Ever wanted to play in an Afro-Cuban percussion ensemble? Curious about French hurdy-gurdy music? Fascinated by the Bulgarian kaval? Dying to learn nyckelharpa? Wondering just what the hell a cümbüş is? Simply want to pick up some new Irish tunes on your fiddle, flute, or uillean pipes?
If so, then Lark in the Morning, a nine-day, total-immersion music-and-dance camp, is the place for you. From July 27 to August 4, hundreds of the world’s most accomplished traditional musicians gather at the Mendocino Woodland State Park to share their abundance of cultural wealth in workshops, around campfires, at dances, and even waiting in line for chow.
Founded by musical polymath and former world-instrument purveyor Mickie Zekley in 1980 “to provide a venue to allow traditional musicians and dancers to get together and share their music and dance ... without being in a rigid school structure.” He brought together some of the region’s finest practitioners of various folk idioms to provide workshop-style instruction, play for dances, and to host informal jams.
The camp has grown over the years and now occupies three separate but adjacent camp facilities within Woodlands. Camp One focuses primarily on music from Ireland, the British Isles, Greece, Eastern Europe, and Scandinavia. Camp Two offers a wide variety of idioms from Latin and North America, Spain, France, as well as more mainstream styles such as early country, jazz, and swing. Camp Three is steeped in a range of music and dance from the Middle East, Greece, Africa, and several different drumming traditions. Everything is open to everyone. It’s possible to hoof it between camp centers, but many campers opt for bicycles or the regular shuttle bus to navigate between points of interest in the sprawling, 700-acre site.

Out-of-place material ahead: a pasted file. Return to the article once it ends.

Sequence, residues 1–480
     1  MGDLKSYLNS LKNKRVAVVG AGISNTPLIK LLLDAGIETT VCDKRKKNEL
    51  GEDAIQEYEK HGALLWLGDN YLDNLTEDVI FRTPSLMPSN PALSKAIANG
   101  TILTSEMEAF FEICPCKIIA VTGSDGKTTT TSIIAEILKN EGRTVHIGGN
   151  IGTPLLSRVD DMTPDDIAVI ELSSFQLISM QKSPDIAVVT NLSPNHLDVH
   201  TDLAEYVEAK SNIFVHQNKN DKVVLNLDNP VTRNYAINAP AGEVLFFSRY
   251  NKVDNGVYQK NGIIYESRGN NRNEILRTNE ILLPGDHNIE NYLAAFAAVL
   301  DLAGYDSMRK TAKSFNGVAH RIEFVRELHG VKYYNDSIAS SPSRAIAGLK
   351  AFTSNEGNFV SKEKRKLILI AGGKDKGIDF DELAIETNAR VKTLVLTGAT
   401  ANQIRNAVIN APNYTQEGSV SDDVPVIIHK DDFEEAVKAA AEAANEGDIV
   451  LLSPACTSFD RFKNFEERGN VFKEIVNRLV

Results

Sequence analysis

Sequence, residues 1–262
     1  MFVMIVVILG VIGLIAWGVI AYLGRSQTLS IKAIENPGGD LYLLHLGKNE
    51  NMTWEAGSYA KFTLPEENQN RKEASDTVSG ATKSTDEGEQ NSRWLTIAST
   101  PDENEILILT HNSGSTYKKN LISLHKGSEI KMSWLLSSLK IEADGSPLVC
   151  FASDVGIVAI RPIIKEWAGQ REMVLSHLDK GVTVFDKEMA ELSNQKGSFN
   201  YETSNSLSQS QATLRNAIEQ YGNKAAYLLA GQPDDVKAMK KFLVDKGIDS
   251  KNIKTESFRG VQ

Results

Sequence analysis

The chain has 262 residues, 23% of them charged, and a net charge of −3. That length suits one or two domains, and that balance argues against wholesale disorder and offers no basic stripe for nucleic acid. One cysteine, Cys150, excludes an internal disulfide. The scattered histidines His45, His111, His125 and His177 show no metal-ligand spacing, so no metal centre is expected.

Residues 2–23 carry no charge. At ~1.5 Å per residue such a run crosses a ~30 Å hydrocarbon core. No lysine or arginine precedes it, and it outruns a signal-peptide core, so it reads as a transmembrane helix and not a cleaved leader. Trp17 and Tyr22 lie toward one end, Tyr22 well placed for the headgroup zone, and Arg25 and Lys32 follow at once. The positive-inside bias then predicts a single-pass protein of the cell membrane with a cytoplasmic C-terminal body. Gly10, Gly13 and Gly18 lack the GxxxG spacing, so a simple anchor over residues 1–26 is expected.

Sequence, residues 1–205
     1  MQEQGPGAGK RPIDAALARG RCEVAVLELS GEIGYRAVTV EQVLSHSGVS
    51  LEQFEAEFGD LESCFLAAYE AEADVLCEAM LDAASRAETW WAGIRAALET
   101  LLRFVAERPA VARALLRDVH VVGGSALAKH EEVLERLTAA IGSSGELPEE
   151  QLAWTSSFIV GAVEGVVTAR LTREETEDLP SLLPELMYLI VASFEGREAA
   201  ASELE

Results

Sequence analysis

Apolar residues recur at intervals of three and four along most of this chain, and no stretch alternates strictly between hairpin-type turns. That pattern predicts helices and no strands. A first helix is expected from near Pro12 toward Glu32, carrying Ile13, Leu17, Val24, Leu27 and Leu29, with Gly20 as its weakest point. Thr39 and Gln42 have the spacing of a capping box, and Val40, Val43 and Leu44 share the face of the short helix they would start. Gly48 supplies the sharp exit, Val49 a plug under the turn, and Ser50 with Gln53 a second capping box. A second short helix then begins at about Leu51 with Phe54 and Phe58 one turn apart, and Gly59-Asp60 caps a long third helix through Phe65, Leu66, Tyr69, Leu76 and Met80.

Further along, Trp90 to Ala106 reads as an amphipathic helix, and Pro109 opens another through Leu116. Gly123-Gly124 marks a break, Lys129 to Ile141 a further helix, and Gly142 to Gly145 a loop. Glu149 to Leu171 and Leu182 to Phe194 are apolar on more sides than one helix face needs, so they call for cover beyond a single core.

Workshops range from the specific (Spanish Galician bagpipes or Anglo-system concertina) to the general (ukulele song swap or songwriting), and there are activities for all experience levels. Also in the mix are instrument-making classes, various kids activities, and spontaneous hijinks. Don’t miss the confluence of the Balkan brass ensemble with the Galician gaita group or the improbably mix of Irish jigs with Brazilian sambas.
While the musical experience is always sublime, the accommodations are decidedly rustic — camping not glamping. The cabins, built by the Civilian Conservation Corps in the 1930s, are charming, but many are rough timber and lack electricity. And like many park facilities, the water is limited and the shared bathroom and shower facilities can require some patience. There are also options for tent and vehicle camping. More information on the lodging page.
But you won’t be spending much time in your digs, anyway. Between the endless varieties of music to explore, spontaneous jam sessions to participate in, woodland trails to discover, and interesting people to meet, sleep will be the last thing on your mind.
The video below tracks camper Cedar Dobson's experience of the camp.